Ontology Standards

Ontologies written using the Web Ontology Language are built on a set of standards that are developed by an international consortium known as the World Wide Web Consortium (W3C). The W3C is made up of member organizations, paid staff, and interested members of the public, and has produced a large number of standards on Internet protocols. Each of the standards is open and publicly available. Below, we briefly discuss the relevant standards that are being developed, cover their current status, and explain their relationship to ontologies.

Extensible Markup Language (XML)

XML is a specification that allows people to create custom markup languages for specific needs. Roughly, it can be considered a programming language for creating other programming languages.

Another markup language, HTML, is used throughout the Internet and is loosely based on markup languages used in the publishing industry that indicate where text should be made bold, italic, or formatted when being set for printing. Similarly, XML provides a standardized way for anyone to create a specialized language for individual needs. An example of such a language in the marine sciences is SensorML, a language for "describing sensor and measurement processes."

When someone wants to create a language using XML, they need to define its schema. The schema works in conjunction with existing XML syntax and rules and helps to define the language being created. For example, SensorML's base schema includes things such as definitions for elements and groups, similar to individuals and classes in ontologies, which can be used by applications that implement the SensorML language to store, retrieve, and analyze data. Because SensorML conforms to the syntax and rules of XML, any application that knows how to read XML data will be able to work with the language. However, unless an application was written to specifically work with SensorML it won't be able to take advantage of the unique elements and groups that the language defines. This is because XML lacks semantics—something that is corrected with the implementation of the Resource Description Framework and Web Ontology Language.

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Resource Description Framework (RDF)

RDF is a data specification used to make statements about resources using subject-predicate-object statements called triples. Each of the subject, predicate, and object terms is typically a Web resource (though the object can also be a constant). In a triple, the predicate expresses the relationship between the subject and object.

To provide a plain language example, let's examine the statement: “The car has the color red.” “The car” is the subject, “has the color” is the predicate, and “red” is the object. Triples are a powerful model for describing resources.

RDF is a stable standard as the tasks of the W3C RDF Core Working Group were completed in 2004.

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Web Ontology Language (OWL)

OWL is a suite of knowledge representation languages that are used to construct ontologies. These languages include (from simpler to more complex): OWL Lite (rarely used), OWL DL, and OWL Full. All are based on the RDF/XML formats, described above. Though the languages are similar, the more advanced forms have features unavailable to the simpler ones, preventing full interoperability between the languages.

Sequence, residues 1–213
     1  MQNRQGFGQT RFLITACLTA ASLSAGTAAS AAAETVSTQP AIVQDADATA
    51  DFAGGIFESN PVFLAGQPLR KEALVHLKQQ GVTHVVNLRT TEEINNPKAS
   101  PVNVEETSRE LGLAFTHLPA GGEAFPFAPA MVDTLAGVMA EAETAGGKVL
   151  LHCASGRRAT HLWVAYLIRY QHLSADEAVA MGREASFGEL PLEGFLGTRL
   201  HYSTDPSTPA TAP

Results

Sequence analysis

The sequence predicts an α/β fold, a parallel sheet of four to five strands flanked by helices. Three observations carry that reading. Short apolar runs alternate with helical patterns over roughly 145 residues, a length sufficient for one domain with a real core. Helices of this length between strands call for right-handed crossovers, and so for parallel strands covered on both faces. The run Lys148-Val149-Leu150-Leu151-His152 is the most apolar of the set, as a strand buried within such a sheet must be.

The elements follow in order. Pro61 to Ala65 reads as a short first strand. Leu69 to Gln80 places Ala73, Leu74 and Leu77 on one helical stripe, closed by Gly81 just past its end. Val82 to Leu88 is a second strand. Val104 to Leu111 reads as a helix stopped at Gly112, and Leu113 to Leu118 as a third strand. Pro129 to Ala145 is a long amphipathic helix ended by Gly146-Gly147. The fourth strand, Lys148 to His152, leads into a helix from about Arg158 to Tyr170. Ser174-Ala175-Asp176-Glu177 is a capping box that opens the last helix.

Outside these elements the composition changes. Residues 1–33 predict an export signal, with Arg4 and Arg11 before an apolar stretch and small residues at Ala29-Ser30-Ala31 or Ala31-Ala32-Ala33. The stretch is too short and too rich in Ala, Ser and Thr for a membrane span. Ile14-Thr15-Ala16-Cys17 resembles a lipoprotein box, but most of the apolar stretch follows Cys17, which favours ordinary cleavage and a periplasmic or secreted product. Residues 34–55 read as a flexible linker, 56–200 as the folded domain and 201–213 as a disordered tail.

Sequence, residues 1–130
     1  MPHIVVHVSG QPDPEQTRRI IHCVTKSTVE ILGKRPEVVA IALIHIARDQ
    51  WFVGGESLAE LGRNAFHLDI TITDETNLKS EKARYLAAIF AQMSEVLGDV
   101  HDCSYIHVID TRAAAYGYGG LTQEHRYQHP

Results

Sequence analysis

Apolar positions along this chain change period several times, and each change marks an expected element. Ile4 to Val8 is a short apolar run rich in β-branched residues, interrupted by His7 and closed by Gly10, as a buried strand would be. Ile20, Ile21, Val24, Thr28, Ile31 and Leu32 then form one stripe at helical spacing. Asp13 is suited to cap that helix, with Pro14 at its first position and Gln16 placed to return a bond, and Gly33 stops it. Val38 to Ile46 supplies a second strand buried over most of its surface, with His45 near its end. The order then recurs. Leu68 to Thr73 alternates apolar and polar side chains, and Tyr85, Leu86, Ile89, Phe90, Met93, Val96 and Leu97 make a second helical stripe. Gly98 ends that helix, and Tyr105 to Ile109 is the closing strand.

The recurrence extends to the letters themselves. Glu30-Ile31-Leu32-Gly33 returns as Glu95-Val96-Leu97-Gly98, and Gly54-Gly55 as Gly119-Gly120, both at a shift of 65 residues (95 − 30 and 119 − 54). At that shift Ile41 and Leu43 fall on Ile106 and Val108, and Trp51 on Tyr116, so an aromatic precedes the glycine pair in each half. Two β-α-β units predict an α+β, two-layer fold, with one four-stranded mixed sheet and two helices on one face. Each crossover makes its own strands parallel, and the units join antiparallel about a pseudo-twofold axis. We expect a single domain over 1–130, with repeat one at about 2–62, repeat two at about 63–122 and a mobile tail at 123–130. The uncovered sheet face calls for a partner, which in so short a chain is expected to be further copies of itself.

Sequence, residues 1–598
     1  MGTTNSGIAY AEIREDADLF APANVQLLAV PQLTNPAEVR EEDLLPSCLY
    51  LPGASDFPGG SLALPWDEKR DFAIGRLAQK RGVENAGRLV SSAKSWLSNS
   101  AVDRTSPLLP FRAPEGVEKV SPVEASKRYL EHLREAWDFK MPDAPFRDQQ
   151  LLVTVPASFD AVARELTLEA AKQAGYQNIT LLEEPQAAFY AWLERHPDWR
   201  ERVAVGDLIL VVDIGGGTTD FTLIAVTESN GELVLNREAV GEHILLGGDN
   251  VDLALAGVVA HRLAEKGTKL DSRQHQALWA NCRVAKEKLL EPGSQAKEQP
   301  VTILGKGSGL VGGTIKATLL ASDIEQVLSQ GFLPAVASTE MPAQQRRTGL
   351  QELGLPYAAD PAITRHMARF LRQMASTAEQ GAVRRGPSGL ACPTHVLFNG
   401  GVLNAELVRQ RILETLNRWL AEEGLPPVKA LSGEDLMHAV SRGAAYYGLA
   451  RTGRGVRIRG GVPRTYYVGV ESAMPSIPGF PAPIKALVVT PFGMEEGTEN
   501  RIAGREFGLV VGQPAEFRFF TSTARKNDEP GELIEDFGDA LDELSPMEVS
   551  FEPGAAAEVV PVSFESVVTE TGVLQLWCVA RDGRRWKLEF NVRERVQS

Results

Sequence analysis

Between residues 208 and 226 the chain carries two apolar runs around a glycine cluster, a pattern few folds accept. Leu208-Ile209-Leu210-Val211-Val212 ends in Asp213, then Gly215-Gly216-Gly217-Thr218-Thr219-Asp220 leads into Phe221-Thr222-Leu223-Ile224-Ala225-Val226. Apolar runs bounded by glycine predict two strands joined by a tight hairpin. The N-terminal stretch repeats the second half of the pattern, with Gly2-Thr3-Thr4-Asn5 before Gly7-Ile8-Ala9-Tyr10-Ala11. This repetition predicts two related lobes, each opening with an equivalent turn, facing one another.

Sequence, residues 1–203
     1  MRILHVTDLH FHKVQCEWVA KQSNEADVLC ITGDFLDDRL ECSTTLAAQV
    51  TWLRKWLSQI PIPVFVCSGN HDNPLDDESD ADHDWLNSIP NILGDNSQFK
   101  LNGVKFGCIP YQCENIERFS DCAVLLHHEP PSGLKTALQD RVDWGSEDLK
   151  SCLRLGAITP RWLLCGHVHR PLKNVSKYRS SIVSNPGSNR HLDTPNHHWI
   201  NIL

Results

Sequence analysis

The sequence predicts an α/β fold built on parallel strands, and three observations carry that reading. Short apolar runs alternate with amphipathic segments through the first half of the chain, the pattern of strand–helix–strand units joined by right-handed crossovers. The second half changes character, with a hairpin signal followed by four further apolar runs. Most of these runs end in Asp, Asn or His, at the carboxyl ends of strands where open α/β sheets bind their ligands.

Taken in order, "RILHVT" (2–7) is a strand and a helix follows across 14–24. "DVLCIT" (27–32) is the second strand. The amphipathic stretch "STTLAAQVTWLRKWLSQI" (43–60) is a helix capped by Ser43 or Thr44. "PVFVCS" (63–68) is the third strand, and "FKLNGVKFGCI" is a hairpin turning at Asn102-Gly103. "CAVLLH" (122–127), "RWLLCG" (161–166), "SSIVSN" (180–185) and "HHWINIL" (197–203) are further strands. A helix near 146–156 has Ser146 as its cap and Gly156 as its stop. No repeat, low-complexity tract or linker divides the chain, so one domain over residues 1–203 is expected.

OWL ontologies can contain classes, which are used to categorize concepts with similar characteristics. These classes can be defined and restricted by axioms, statements that are considered true and which lay the groundwork for inferencing. OWL ontologies may also include individuals, sometimes referred to as instances, for example, a list of terms in a vocabulary. These instances are grouped together as class extensions, which are related to particular classes without defining them. Therefore, two or more classes could share a class extension, meaning that they would be related to the same group of instances.

Basic inferencing can be performed based on the characteristics of defined relations. For example, assume the relationship "is larger than" is defined as the inverse of the relationship "is smaller than." Given a statement such as, "A car is larger than a bicycle," computer software can use the inverse relationship to determine that a bicycle is smaller than a car. Transitivity and symmetry are other primary ontological characteristics that can be defined for relations.

More advanced inferencing is possible. For example, let's consider an ontology that describes human beings. If the class we use to group humans in this ontology is described with an axiom that indicates all humans have the property "hasParent" in combination with the property "hasMother," a computer could infer that every human being must have a parent and a mother.

OWL 1 has been finalized and is currently in use. In October 2007, a W3C working group was formed to extend OWL. The new version, OWL 2, is already in use in some applications.

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Suggested Citation

Alexander, P. 2011. "Ontology Standards." In The MMI Guides: Navigating the World of Marine Metadata. http://marinemetadata.org/guides/vocabs/ont/coretech/standards. Accessed December 6, 2019.